As part of its on-going study of consumer arbitration mandated by the Dodd-Frank Act, the CFPB announced on June 7, 2013 that it is seeking funding from the Office of Management and Budget to undertake a telephone survey of 1,000 credit card holders to ascertain their awareness of and perceptions regarding the arbitration provisions in their contracts. The CFPB’s proposal consists of two phases: (1) a period of 60 days (which ended on August 6) to comment on the initial draft of the CFPB’s consumer telephone survey questionnaire and its plans for gathering the data; and (2) after the CFPB refines its proposal based on the comments received during the first phase, a period of 30 days to comment on the revised proposal.
Notably, the American Bankers Association, the Consumer Bankers Association and The Financial Services Roundtable submitted comments that urged the CFPB “not to proceed with the proposed survey” because it “is flawed in concept and execution.” In particular, the industry groups argue, the telephone questions are “lengthy and complex” and will not elicit information that is meaningful in determining whether consumer arbitration is “in the public interest and for the protection of consumers,” the mandate of Section 1028(a) of Dodd-Frank. According to the industry groups, the CFPB’s proposed survey questions “offer little if anything in evaluating how arbitration actually functions” and shed no light on the critical question of whether consumers fare better if they resolve disputes using individual arbitration or as part of a putative class. The industry groups cautioned the CFPB that the survey in its current form “has the real potential to result in rulemaking on arbitration that would be based on inaccurate data and conclusions.”
Comments submitted by the U.S. Chamber of Commerce were equally critical, asserting that the CFPB’s “planned collection of information is not a sensible use of taxpayer resources” and “an unjustified intrusion on the time of potential survey respondents.” According to the Chamber, “[i]t is inconceivable that respondents selected at random could possibly have sufficient information and experience with dispute-resolution mechanisms to assess arbitration and litigation on an objective basis, and respondents’ uninformed views are not at all relevant to answering [the] question” whether limiting or restricting arbitration would serve the public interest and protect consumers. The Chamber urged the CFPB to study consumers’ comparative outcomes in arbitration and litigation instead of undertaking the proposed telephone survey.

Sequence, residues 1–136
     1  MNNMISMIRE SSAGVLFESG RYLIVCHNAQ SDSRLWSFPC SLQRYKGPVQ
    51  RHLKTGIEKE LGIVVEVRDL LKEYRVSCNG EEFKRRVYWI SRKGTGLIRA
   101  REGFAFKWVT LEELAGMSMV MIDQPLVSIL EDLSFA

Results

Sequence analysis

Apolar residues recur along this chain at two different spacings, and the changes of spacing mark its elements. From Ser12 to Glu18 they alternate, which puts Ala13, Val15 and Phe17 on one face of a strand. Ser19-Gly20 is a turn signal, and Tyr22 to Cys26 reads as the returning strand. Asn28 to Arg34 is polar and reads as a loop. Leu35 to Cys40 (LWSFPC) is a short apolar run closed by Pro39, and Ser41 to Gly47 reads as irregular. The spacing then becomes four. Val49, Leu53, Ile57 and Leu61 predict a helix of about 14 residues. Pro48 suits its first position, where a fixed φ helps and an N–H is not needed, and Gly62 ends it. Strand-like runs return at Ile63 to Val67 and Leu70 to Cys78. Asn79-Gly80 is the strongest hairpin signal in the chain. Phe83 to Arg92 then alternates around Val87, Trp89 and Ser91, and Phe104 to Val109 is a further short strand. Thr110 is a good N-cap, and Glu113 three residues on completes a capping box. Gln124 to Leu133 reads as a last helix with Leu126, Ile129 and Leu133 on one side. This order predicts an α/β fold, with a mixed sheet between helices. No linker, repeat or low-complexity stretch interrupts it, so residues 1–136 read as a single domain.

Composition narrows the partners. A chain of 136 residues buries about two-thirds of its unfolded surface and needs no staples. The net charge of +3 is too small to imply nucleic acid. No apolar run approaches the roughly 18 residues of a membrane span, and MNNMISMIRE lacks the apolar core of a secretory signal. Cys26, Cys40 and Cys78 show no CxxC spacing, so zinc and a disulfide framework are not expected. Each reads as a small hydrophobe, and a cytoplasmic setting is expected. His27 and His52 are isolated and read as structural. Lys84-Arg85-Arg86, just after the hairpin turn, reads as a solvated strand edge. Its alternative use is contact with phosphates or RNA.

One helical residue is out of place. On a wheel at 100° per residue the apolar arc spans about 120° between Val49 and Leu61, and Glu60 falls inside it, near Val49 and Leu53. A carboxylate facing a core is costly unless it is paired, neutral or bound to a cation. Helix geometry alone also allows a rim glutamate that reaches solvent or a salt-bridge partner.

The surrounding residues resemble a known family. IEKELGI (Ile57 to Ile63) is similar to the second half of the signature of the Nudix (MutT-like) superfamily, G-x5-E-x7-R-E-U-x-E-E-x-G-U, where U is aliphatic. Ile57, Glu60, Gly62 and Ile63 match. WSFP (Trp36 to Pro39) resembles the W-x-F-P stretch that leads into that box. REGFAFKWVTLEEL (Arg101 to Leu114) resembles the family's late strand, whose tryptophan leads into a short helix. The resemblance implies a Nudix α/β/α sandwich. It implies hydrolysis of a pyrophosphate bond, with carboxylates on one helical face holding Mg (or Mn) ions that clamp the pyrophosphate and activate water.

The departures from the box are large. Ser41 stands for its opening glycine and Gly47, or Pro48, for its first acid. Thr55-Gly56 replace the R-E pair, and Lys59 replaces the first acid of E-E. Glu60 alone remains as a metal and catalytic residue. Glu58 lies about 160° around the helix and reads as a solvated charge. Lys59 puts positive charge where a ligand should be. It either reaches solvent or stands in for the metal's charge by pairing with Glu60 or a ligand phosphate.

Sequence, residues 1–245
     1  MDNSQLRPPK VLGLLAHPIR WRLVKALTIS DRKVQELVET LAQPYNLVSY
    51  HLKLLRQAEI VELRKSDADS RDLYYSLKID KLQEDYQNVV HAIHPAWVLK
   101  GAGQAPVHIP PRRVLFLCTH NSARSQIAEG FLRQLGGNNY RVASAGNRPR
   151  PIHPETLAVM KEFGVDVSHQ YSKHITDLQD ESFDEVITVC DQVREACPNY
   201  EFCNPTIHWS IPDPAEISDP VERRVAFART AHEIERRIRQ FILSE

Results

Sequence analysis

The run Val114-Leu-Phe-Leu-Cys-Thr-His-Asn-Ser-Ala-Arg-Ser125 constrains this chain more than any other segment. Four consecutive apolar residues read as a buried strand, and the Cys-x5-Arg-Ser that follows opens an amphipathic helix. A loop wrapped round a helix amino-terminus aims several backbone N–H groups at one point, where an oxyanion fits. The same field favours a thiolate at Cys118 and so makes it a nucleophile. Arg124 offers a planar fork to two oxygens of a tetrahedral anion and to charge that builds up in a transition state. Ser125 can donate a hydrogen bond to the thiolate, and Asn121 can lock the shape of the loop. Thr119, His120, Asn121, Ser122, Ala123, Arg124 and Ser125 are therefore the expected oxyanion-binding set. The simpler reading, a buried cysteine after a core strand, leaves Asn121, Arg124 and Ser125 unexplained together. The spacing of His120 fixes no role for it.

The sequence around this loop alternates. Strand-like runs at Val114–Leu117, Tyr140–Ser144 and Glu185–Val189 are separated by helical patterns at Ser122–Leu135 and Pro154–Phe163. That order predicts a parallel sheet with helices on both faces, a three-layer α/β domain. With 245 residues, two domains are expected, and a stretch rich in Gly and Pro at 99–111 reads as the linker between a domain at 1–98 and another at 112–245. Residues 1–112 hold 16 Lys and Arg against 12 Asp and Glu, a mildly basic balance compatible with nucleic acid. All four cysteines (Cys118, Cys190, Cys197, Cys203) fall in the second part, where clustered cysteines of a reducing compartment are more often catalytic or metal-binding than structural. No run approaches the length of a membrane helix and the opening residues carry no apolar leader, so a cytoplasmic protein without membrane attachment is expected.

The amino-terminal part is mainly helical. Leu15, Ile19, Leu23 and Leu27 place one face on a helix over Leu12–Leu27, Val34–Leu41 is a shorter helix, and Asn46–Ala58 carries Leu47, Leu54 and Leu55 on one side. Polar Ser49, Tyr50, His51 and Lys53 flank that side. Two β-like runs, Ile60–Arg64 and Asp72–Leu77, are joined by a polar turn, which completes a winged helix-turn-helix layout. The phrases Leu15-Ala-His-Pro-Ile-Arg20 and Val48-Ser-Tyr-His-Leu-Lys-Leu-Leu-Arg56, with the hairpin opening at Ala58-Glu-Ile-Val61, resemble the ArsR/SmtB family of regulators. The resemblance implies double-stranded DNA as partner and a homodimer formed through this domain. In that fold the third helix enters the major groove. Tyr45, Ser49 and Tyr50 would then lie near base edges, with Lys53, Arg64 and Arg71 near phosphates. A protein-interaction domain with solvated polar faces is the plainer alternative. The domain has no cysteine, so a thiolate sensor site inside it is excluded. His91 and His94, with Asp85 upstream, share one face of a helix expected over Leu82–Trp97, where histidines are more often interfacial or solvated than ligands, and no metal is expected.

Consumer advocates submitted comments of a different stripe. For example, the National Association of Consumer Advocates (NACA) applauded the CFPB for undertaking the survey, arguing that it “will provide an opportunity for the Bureau to further demonstrate with its own research that consumers are unaware of the existence and impact of the arbitration clauses that they are forced to sign as a condition of obtaining a credit card.” But even NACA acknowledged that the draft survey questions were “long and verbose” as well as “repetitious.”
Thus, both industry and consumer advocates agree that if the CFPB does proceed with its telephone survey, it needs to substantially revise the proposed survey questions. Indeed, one of the proposed questions asks consumers whether they prefer a credit card that would allow them to sue the credit card company in court if a dispute arose and “to participate in court-approved class action proceedings” or a credit card that would “prevent” them from participating in class actions against the company and “force” them to have an arbitrator decide the dispute. The question, on its face, is loaded to create a negative impression of “forced” arbitration and a positive impression of “court-approved class action proceedings.” The real issue, as several commentators emphasized, is how consumers actually fare in individual arbitration as opposed to court litigation and, in particular, class action litigation.
Moreover, as the Chamber observed in its comments, questions about consumers’ knowledge of arbitration provisions in credit card agreements cannot be evaluated in a vacuum since there are also numerous other key terms in such agreements. To put information about arbitration provisions in context, consumers’ knowledge of other core contract terms such as interest rates and annual fees should also be assessed.
Whether the CFPB has taken these comments to heart will be evident when it circulates a revised proposal on the telephone survey. At that point, additional comments on the revised proposal will be solicited.